When the lie is exposed (and lies do have a habit of becoming apparent, don’t they?), it’s tempting to walk away, either physically or emotionally. And that might well be the best course of action in some cases, but in others a bit of understanding might rescue a relationship that is otherwise worth saving.

If you feel like there is something between you, try asking them why they lied. While almost any lie in inexcusable, they might just be feeling insecure and so felt that they needed to bolster their desirability via the odd fib, in much the same way as a lot of us used to write creative CVs when we were first starting out in our careers.

If they own up to fibbing, then the relationship might be worth saving but if they deny it or, even worse, continue to lie, then you are probably better off walking away and finding someone you can trust to be honest and truthful, no matter what the circumstance.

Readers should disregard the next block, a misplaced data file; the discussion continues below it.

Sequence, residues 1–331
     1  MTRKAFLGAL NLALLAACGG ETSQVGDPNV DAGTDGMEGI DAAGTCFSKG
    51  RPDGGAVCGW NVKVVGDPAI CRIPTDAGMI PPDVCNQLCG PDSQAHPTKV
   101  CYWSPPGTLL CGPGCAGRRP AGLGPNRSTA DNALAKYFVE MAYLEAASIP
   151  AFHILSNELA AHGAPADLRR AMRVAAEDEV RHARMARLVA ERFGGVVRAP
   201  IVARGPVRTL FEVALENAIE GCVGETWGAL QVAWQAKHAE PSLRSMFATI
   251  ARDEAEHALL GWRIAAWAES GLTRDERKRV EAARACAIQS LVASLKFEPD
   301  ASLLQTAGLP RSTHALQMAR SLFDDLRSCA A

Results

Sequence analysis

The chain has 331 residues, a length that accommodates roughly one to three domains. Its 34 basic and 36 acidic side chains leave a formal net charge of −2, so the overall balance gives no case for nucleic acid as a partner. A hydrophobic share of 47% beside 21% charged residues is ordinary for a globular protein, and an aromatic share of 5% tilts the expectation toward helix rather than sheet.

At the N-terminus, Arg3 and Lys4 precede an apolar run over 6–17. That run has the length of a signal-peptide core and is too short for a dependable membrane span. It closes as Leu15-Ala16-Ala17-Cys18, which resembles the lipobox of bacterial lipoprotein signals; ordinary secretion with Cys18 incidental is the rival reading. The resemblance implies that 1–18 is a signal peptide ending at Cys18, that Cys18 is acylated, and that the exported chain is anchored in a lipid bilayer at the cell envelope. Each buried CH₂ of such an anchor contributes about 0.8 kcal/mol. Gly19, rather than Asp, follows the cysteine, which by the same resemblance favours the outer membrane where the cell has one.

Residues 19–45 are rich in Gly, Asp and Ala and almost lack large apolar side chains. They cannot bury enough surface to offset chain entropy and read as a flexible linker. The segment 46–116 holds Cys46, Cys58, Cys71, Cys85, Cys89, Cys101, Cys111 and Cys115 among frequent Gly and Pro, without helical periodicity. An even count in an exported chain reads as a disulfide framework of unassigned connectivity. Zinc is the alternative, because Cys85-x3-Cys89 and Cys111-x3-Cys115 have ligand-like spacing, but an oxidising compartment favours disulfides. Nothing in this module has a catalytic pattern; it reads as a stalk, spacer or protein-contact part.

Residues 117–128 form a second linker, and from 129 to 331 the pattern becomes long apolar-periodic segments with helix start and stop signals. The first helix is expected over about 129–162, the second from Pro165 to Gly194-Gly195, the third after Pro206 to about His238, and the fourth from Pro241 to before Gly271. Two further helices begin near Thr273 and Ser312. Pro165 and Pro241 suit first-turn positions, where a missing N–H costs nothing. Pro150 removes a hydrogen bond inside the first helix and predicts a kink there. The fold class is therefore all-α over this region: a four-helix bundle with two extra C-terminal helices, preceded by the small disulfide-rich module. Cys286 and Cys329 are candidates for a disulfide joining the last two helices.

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They exaggerated

While lies and exaggerations might seem like the same thing, I’m not sure they are. Fans of The Clash will recall that the band acknowledged that exaggeration is an integral part of any good story when they sung: “An' you know what they said? Well some of it was true.”

 So, while I think that a slight exaggeration is perfectly acceptable if it’s used only to turn a good story into a great one, I do recognise that it can be a tricky path to negotiate; one person’s harmless hyperbole might be another’s outright lie.